Rocketry: The Nambi Effect Is Most Intense When It’s The Most Intimate

Madhavan is better at shooting drama than scale and the film really comes into its own when it's stripped off the largeness, to give us a tragically ironic story of India and its bone-crunching system
Rocketry: The Nambi Effect Is Most Intense When It’s The Most Intimate

Cast: Madhavan, Simran, Rajit Kapur, Misha Ghoshal, Suriya

Director: Madhavan

It's better to split Madhavan's first directorial into two different films—Rocketry and The Nambi Effect. One of these is a clunky and flat report card of a man's life achievements. The other is an intimate and intense human drama about the same man holding onto a few scraps of sanity in a crazy, unfair world.

The first half of the film is as much the story of India's rocketry experiments with a special emphasis on how Nambi Narayanan played a part in making India a serious contender in space. As someone who grew up in Kerala, this is the part that was new to me. Who was Nambi Narayanan? What did he do at Princeton? Where did our rocket scientists get their expertise? How did our country participate in space missions with our limited resources? And why did Nambi Narayanan learn how to make omelets?

These are the vital questions the first half answers as we learn a lot about a genius scientist who is part James Bond, part Albert Einstein and part Ambi from Anniyan. I watched the Tamil version and this is also where you'll find large chunks set almost entirely outside the country. We get a long stretch where he helps his mentor by doing odd jobs and caring for his wife. The action shifts to France and then to Russia but here again, you find the same problem you always do when the scene's full of foreign actors. The dubbing feels off and it's impossible to remain invested when we have dozens of white people speaking and cracking jokes in Tamil. The Russians feel like the caricatures you'd see in old Indiana Jones movies and there's a lifelessness to scenes set abroad that never lets you invest in the grand story it's trying to tell.

This is where you see the limitations of Madhavan as a craftsman. Exciting scenes which involve a chase on snow and elaborate experiments to test rocket engines feel basic like we're watching a show on Discovery Kids. Even the way the first half unfurls feels like a chat you'd have with a man at an airport where he goes on describing his list of achievements. Some of these are surprising like how he had to smuggle an engine out of a crumbling USSR. The others, like the time he corrects a textbook in Princeton—take too much time to arrive at a predictable punchline.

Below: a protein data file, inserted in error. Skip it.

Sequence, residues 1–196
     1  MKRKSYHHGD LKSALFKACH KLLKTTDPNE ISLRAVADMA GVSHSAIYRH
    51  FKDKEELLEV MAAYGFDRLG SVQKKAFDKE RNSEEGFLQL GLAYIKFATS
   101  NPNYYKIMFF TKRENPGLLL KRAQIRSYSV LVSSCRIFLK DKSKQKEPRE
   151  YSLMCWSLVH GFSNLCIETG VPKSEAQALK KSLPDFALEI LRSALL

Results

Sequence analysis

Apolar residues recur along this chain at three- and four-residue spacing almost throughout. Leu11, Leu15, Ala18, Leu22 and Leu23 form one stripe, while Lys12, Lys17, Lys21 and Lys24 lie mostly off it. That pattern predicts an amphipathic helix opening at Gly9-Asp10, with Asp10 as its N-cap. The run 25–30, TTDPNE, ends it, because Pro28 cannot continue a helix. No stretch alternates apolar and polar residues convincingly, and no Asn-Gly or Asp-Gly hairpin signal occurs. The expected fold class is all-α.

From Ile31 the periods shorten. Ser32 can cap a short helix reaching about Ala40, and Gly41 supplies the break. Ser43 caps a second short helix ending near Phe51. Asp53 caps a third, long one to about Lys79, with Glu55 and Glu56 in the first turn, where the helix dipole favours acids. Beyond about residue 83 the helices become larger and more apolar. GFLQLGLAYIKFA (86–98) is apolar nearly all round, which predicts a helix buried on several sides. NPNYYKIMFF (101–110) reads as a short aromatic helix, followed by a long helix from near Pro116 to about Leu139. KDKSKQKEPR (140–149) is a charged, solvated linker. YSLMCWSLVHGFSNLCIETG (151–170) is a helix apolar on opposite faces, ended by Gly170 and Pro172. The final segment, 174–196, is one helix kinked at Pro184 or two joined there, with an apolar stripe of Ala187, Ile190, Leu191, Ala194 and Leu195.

On one hand, you get loads of exposition explaining even the most basic things that are happening on a screenplay level, and on the other, there's so much jargon about rocket fuels and cryogenics that you're forced to watch the film with a dozen Wikipedia tabs open. It never quite strikes the balance between science and sentiment and there's also a lot of name-dropping that goes on to get you to see how big a deal this man was.

But it's "The Nambi Effect" part of the film I was surprisingly moved by. Madhavan is better at shooting drama than scale and the film really comes into its own when it's stripped off the largeness, to give us a tragically ironic story of India and its bone-crunching system. From the portrait of a cocky and arrogant man, we see a giant get reduced to an ant when an espionage case is filed against him. In one of Madhavan's best performances, you need to see him in a scene where he struggles to walk out of his holding cell, with stained pants and bloodshot eyes. He's bruised and broken from the outside but there's a strength he emits that somehow gets you to see the power of the truth only he believes in. I've never seen Madhavan exude such a potent mix of vulnerability and grit, even without the bells and whistles of the first half.

I also admire several decisions of Madhavan the screenwriter. Given how familiar this case is to a lot of Keralites, I expected the case to play like a visual document covering a series of familiar events. But Madhavan, the writer, does something really clever by giving two other characters a lot of importance along with Nambi Narayanan. One of these is a man named Unni, who adds several layers to our understanding of Nambi. Practical to a fault, you see shades of a megalomaniac in the way he understands nothing about family, only for us to see a totally different side to it much later.

On the other side is an Indian origin Nasa scientist named Amaldev. This characterisation helps you draw a parallel between a patriot like Nambi and a man with lesser talent living in a "fairer" country. And by juxtaposing Nambi with Amaldev's Cadillac and his entourage, the film underscores the tragedy of a man who was defeated by the same country he helped build, one dream at a time.

It is certainly a film I would recommend to two types of people—the first is obviously the folks who love science and who know a thing or two about ISRO's missions and how special they are. I'd urge them to watch it and then call me back to at least explain the difference between solid, liquid, and cryogenic engines and what they actually learned when they were in France.

The second lot is a set of people who've never heard of Nambi Narayanan. What happened to him is a travesty and it spells out how ridiculously easy it is for a person to lose everything for no reason. Call it office politics or personal vendetta—in Nambi's own words—no one should have to go through what he did.

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